Avoiding Mistakes when Testing APIs

Avoiding Mistakes when Testing APIs

Image source: https://pixabay.com/photos/source-code-software-computer-4280758/


APIs (Applications Programming Interfaces) are the building blocks that enable communication and sharing of information between applications. They are computing interfaces that define the calls made, how they are made and the data formats and conventions used when making the calls.


They are used in the daily operations of businesses. This means that when an API fails, it not only affects the functionality of a single application but also the entire operations of a business. If this happens, then chances are that the business will end up losing revenue, customers, or even ruining its reputation.


What can businesses and developers do to avoid such issues? The solution is API testing. It is a software testing technique that tests APIs directly to check if they meet their requirements when it comes to reliability, functionality, security, and performance. This RapidAPI’s tutorial offers a deep insight into what API testing entails and how to test APIs.


Some testers find themselves committing some mistakes when testing APIs, a situation that could mean that the APIs do not meet their expectations when implemented. In this article, we are going to talk about some common mistakes to avoid when testing APIs.


Ignoring Response Assertions

API tests are designed to check for different variables such as responses and status codes. These are pieces that are important when one needs to check the correctness of their methods. 


However, a request might take a considerably long time to give a response. Testers often let this pass and overlook the time taken before getting a response. This time is very important when determining the correctness of your API to make sure that it does not fail when deployed.


To avoid this mistake, testers are supposed to come up with reasonable time assertions that show the time an API should take before giving a response.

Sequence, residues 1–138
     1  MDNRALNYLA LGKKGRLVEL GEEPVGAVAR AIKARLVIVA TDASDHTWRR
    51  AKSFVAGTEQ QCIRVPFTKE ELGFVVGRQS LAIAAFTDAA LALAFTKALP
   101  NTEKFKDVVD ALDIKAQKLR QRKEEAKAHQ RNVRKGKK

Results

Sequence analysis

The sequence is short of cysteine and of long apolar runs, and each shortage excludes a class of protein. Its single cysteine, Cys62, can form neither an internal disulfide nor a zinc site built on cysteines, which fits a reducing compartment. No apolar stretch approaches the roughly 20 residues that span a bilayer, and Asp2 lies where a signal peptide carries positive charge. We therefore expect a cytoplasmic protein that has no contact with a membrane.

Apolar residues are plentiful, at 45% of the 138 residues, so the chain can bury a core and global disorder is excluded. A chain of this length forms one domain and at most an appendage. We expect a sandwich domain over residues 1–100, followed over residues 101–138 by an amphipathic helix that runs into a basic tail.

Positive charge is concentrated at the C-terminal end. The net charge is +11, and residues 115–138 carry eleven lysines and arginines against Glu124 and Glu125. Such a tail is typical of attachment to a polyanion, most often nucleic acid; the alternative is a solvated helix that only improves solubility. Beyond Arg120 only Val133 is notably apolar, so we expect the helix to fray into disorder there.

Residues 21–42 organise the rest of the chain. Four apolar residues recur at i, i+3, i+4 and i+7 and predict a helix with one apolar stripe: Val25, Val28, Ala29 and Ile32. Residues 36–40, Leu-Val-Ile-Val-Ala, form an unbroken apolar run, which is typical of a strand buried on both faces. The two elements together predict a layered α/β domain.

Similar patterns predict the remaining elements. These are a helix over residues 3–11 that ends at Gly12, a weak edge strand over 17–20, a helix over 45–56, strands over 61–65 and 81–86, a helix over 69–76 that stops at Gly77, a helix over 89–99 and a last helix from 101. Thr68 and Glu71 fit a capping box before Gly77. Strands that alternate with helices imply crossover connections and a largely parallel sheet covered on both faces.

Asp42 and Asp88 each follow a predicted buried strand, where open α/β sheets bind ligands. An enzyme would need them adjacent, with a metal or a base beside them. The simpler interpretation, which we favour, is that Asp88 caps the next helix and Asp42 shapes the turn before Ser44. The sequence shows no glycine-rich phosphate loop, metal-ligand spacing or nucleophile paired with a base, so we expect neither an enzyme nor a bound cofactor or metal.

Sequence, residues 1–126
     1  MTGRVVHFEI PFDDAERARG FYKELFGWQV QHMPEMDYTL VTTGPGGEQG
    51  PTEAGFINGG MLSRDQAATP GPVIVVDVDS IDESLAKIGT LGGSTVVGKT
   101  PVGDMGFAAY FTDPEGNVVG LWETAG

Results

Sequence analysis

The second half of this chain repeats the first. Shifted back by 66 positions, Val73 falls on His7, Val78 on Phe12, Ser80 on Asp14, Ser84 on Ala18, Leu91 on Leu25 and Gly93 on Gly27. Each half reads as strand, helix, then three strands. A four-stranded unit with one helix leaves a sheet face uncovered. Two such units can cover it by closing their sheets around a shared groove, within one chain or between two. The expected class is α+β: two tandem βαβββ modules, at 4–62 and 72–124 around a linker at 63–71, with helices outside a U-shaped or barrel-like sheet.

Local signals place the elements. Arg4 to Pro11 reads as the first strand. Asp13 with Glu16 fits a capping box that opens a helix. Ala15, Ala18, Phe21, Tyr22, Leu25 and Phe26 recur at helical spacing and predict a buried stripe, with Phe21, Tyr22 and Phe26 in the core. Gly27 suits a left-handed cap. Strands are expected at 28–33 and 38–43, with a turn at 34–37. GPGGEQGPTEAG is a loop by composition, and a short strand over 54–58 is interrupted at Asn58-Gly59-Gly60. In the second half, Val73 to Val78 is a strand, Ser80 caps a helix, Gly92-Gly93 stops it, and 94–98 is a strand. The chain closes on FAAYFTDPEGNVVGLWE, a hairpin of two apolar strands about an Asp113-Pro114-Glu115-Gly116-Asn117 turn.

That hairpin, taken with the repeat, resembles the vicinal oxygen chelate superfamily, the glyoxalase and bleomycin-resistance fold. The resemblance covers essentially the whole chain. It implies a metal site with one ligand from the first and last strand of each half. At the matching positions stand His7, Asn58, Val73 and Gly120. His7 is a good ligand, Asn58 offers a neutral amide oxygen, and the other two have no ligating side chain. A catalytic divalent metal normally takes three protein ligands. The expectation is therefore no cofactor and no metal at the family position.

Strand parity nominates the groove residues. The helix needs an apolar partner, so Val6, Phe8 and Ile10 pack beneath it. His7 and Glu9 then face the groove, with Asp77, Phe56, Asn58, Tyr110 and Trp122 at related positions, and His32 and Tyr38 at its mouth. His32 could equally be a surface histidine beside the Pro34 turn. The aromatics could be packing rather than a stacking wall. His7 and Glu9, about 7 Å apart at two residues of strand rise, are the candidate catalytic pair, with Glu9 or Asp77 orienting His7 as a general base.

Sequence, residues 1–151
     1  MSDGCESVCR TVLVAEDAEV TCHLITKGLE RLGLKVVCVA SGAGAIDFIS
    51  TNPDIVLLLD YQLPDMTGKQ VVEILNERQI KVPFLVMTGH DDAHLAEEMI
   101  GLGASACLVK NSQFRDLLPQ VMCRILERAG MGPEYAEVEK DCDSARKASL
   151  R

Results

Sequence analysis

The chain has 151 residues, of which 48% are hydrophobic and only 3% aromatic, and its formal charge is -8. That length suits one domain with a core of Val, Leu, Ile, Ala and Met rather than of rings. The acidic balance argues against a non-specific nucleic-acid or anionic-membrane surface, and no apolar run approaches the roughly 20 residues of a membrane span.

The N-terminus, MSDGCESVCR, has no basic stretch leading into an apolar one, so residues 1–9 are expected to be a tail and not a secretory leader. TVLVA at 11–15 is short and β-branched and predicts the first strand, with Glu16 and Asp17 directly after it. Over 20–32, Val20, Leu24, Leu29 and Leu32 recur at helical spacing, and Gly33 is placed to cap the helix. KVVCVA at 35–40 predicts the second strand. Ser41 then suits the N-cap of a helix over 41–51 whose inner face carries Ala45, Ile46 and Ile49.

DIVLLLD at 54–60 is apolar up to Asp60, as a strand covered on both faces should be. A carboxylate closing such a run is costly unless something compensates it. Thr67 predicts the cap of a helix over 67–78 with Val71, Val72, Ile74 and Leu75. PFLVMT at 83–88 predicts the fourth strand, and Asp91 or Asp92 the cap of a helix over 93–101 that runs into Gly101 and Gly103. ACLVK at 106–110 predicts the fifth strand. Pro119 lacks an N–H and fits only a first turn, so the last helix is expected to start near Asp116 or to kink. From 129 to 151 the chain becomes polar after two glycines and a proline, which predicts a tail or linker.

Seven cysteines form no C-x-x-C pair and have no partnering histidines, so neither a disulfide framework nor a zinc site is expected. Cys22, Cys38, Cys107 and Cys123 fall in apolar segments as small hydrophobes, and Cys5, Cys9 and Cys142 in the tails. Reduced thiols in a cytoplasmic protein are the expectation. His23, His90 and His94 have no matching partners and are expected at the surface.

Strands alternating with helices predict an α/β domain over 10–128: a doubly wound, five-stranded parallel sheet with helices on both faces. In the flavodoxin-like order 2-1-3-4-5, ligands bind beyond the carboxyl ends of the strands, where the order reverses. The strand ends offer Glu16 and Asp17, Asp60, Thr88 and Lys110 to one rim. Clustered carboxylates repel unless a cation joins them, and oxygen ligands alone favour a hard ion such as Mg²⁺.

Building Tests Without Considering the Actual Use of an API

Most of the time, developers who are not very keen on testing their APIs check independent endpoints and services and assume that they are done with testing the APIs. They forget that the end-users of the APIs do not independently consume the API methods, but use them together with other methods.


Since it is easy and quick to test APIs without considering the actual use of an API, developers and testers often fall for this trap. This means that they do not entirely test their APIs and cannot expose potential API issues for debugging.


To avoid this mistake, developers are supposed to build integration tests that address multiple functions and units of an API. With this, they will be able to test every aspect of their APIs and foresee any problems that might arise when the API is deployed.


Leaving Out their API Dependencies

API testing means that different units of code are tested together to make sure they work well and meet their expectations when working together. However, due to the use of APIs, it is now common to employ other APIs and web services when developing your APIs.


When it comes to testing, developers often assume that they only need to test their APIs and that any other services they have implemented will automatically work well. This is a mistake. If a service that your API depends on fails, this would mean that your API will fail as well.


To avoid this mistake, testers and API developers are supposed to make sure that they test their API as well as anything else that the API depends on.



There are multiple tools that can be used for testing APIs and testing courses available online that can guide testers on how to conduct their tests. A developer who avoids common mistakes committed when testing APIs can be assured that their APIs will meet their expectations. 


You do not want to build applications that fail due to poorly tested APIs. Businesses understand that well developed and tested applications thrive and continue to attract new customers, and therefore will not implement poorly tested APIs.